Got to love that.  And you know what? It IS laugh-out-loud funny, but I've got to give most of the credit for that to Jose and Jacob.  Those two really click, both with spitting out the, I'll admit, downright Trekkian technobabble ("The integrity of the field is quantum tied to the half-life of the sample!") as well as building the necessary spiraling momentum.  And Sharon was the perfect director for this piece.  Rare is the artist who not only is an ace at coordinating movement and text into a stronger integrated whole, but ALSO reads quantum physics for fun

In short, I am incredibly happy, but mostly because I had a fantastic group of people who brought the absolute best out of my text. 

Monday, April 11, 2011

Tear It Down to Build It Better

Earlier, I mentioned how I had reached an epiphany with USS Banshee as to what was wrong with it, and how I could make it a far more interesting work.  But that would involve completely tearing it down and rebuilding it from the ground up.  The story itself, not the worldbuilding work.  That's key.

The main flaw of where I was going with the USS Banshee earlier was this: despite the unique elements of the characters and worldbuilding, the set-up was more or less a Star Trek book.  A Star Trek book from the junior officers' perspective, but still.  Which annoyed me, because part of my underlying idea behind the future-worldbuild was that, as opposed to the Trek-verse, humans would be the scrappy newcomers to a relatively well-formed interstellar political scene.  They do not forge a bold alliance between themselves and alien races, it's already there, thank you. 

So, thus, the problem of Banshee was staring at me: it's pretty Trek-like, except the ship is all-human. 

And then it hit me: what if the ship wasn't all-human?  What if, as opposed to Trek, the ship we're on is, in fact, human-minority? 

Then the ideas started to get interesting.  Starting with scrapping almost the entire character list.  Also, I'll probably have to change the title now.

Thursday, April 7, 2011

Getting into the creative groove

Starting a new project, even one that's well outlined and planned out, is sort of like a first date.  Vanguard has been a constant thrumming in the back of my mind for a few years now, being the fourth of the four different "Heroes of Maradaine" series that I've conceived of. In fact, I think of the four, it was the first one that I outlined the basic plot for.  But the other three found their voice first, so I kept putting it to the side.  I had a few false starts, including my initial attempt which had the cliche "Character wakes up and goes about his day" beginning.  I won't inflict it on you, dear readers, since it is quite atrocious. 

But my problem with Vanguard was getting it started.  I even knew what, in essence, the opening sequence was about, but finding that entry point into it kept eluding me.  On some level, I was starting to dread the idea of it.  Finally, this week, in the middle of a class, this opening sentence came to me:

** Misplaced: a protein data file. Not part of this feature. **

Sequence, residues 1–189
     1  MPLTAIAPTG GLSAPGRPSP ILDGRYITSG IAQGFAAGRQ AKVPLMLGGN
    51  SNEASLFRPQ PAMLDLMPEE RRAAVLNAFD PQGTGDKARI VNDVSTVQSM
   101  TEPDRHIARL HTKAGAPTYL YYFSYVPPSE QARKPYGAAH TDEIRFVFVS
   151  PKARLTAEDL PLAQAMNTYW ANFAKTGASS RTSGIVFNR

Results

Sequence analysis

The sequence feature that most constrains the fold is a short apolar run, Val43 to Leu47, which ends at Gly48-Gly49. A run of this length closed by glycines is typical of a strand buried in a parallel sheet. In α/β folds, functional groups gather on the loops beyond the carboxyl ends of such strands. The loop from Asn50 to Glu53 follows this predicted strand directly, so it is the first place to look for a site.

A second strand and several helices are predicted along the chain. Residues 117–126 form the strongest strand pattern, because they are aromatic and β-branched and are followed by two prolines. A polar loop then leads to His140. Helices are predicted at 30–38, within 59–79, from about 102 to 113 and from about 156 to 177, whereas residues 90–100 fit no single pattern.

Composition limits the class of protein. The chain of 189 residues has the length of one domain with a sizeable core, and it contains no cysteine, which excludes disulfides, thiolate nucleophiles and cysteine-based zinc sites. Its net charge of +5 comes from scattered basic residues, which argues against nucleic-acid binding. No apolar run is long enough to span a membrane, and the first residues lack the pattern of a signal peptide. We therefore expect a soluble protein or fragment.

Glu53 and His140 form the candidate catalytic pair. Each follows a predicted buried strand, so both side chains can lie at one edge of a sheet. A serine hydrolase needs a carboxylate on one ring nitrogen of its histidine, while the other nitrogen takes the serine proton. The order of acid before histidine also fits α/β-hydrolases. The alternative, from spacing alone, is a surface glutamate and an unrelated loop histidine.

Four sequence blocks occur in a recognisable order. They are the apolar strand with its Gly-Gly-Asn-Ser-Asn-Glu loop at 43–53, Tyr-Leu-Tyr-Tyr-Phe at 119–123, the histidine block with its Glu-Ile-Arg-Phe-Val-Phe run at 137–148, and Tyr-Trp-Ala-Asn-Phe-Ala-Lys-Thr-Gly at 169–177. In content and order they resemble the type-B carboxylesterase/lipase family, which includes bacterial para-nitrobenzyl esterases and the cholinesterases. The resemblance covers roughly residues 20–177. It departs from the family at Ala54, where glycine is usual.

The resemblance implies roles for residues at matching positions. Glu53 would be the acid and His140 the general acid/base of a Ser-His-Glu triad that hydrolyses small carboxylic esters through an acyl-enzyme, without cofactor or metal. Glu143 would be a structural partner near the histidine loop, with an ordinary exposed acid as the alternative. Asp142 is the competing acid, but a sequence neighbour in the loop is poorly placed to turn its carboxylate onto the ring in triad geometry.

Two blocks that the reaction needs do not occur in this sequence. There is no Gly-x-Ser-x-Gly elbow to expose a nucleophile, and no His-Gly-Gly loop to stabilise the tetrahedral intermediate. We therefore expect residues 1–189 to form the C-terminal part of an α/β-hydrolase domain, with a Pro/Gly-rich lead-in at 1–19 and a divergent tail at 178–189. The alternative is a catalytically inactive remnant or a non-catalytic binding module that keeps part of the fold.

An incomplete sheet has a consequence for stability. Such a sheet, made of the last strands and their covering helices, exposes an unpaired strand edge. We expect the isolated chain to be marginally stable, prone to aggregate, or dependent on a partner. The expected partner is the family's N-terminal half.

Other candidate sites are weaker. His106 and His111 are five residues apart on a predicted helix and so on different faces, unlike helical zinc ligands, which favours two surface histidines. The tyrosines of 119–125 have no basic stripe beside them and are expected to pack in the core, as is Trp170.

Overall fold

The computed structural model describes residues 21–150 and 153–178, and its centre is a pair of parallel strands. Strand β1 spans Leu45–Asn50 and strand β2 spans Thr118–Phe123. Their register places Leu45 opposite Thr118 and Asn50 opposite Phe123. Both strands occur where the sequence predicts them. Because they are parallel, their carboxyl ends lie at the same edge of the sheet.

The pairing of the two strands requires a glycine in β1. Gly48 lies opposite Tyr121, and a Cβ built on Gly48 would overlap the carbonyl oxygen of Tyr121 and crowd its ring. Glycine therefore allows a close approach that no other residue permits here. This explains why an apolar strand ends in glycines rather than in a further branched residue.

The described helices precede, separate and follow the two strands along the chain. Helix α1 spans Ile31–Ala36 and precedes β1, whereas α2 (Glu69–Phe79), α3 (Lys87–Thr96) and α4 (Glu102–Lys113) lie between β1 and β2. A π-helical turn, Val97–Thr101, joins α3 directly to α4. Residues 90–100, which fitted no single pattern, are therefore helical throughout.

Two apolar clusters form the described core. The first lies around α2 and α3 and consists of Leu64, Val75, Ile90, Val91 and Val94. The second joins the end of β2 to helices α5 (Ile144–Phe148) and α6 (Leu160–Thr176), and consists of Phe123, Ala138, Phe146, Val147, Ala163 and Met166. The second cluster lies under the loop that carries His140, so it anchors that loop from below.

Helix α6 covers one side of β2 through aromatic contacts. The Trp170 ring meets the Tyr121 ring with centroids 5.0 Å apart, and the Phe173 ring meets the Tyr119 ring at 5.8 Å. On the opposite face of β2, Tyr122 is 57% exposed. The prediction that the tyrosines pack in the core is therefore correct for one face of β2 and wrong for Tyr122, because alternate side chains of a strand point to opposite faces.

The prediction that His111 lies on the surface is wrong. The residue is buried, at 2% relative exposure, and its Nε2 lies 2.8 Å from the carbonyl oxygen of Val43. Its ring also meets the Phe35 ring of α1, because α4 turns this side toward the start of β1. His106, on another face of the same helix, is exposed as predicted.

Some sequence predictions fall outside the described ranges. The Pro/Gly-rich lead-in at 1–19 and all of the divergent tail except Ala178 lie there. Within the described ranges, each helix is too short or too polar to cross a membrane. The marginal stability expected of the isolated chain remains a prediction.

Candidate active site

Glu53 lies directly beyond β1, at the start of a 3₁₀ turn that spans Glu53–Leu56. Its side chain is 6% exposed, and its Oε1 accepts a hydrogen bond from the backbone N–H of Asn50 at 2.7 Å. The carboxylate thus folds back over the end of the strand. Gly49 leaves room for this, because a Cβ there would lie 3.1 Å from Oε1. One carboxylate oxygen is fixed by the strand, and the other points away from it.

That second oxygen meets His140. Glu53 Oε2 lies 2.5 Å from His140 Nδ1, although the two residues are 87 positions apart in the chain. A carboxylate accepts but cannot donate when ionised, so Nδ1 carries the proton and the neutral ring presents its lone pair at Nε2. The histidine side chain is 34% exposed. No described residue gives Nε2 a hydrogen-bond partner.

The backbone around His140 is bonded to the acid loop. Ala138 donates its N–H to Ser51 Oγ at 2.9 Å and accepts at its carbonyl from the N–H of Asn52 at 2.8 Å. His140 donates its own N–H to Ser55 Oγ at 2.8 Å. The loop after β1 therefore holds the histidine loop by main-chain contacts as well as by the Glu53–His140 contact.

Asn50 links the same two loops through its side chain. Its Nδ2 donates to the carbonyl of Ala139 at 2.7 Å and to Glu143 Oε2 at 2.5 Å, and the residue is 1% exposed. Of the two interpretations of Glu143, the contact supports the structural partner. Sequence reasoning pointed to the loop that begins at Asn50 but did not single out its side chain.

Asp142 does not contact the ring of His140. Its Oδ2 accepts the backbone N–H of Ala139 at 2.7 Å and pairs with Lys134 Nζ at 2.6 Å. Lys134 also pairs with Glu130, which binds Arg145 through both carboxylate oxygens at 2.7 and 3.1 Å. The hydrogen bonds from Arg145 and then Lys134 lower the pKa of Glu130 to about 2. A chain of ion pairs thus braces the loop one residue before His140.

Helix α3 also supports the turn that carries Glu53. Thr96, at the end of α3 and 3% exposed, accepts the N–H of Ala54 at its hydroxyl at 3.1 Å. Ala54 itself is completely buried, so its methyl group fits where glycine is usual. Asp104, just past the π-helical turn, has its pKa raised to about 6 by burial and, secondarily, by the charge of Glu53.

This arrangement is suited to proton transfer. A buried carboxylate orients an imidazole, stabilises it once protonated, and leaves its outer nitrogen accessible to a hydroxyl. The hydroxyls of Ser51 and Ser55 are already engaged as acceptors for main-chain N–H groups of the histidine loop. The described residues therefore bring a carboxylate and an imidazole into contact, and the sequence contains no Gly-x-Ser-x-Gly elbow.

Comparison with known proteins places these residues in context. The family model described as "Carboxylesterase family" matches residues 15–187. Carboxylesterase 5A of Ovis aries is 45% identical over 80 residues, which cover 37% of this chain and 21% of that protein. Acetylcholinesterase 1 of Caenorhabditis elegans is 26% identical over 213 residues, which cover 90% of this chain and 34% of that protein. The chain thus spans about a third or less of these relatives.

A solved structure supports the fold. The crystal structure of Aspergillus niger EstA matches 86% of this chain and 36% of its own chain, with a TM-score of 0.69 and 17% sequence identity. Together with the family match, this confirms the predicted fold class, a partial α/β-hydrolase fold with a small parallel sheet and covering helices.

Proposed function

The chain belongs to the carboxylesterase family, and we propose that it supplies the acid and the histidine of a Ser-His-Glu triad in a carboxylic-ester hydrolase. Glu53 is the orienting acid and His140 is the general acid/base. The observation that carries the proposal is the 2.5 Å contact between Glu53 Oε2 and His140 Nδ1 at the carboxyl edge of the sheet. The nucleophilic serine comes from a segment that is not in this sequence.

Dayne Heldrin followed his instructions to the letter: he had come to the Marquellen docks alone, no weapons or shield, and with three millions crowns worth of exchange notes.
I immediately jotted it down, as well as a few more sentences.  For the first time, out of all my attempts to start this project, it felt right.  Now the whole sequence is starting to coalesce.  We'll see how far I can take this groove.

Monday, April 4, 2011

The Untitled Heroine Project and the Problem of Sucker Punch

I saw "Sucker Punch" on Thursday, and for the most part I enjoyed it.  It was a flawed film, to be sure, but I think a number of the criticisms are unfair.  This review, though, hits a lot of points I agree with.  I think the movie pretty much dances on the blurry line between empowerment and exploitation, though.  I mean, it is a movie where women get to unapologetically kick ass and take names.  It passes the Bechdel Test with flying colors.  But at the same time, it does so by putting said women in sexy, fetishy outfits (though not to the same ridiculous degree as something like the appalling DOA: Dead or Alive), and naming its characters Baby Doll and Sweat Pea.  But if I were to hazard a guess, the movie was sold to its studio on the outfits, and despite the sexiness of the outfits, the women still fight like it's an actual FIGHT that they're in (against zombies, orcs, dragons and robots, at that), rather than a glorified sexy photoshoot with a bit of fighting.

This ties into my core ideas for the Untitled Heroine Project, which I am thinking of right now as a graphic novel project, but that might change.  At its base, the idea is for a team of women who fight and struggle and save the world.  And it would be the whole team: not a group of women led by a Charlie, Bill, Giles or Wise Man.  And how they would be dressed would be dictated by what's most practical for the tasks at hand. 

If anything with this project, my biggest influence is Gail Simone's runs on Birds of Prey

But the ideas are still in a nascent stage.  I'm starting to come up with the characters, but I don't quite have a plot yet. Still plenty of work to do before actual writing starts on it.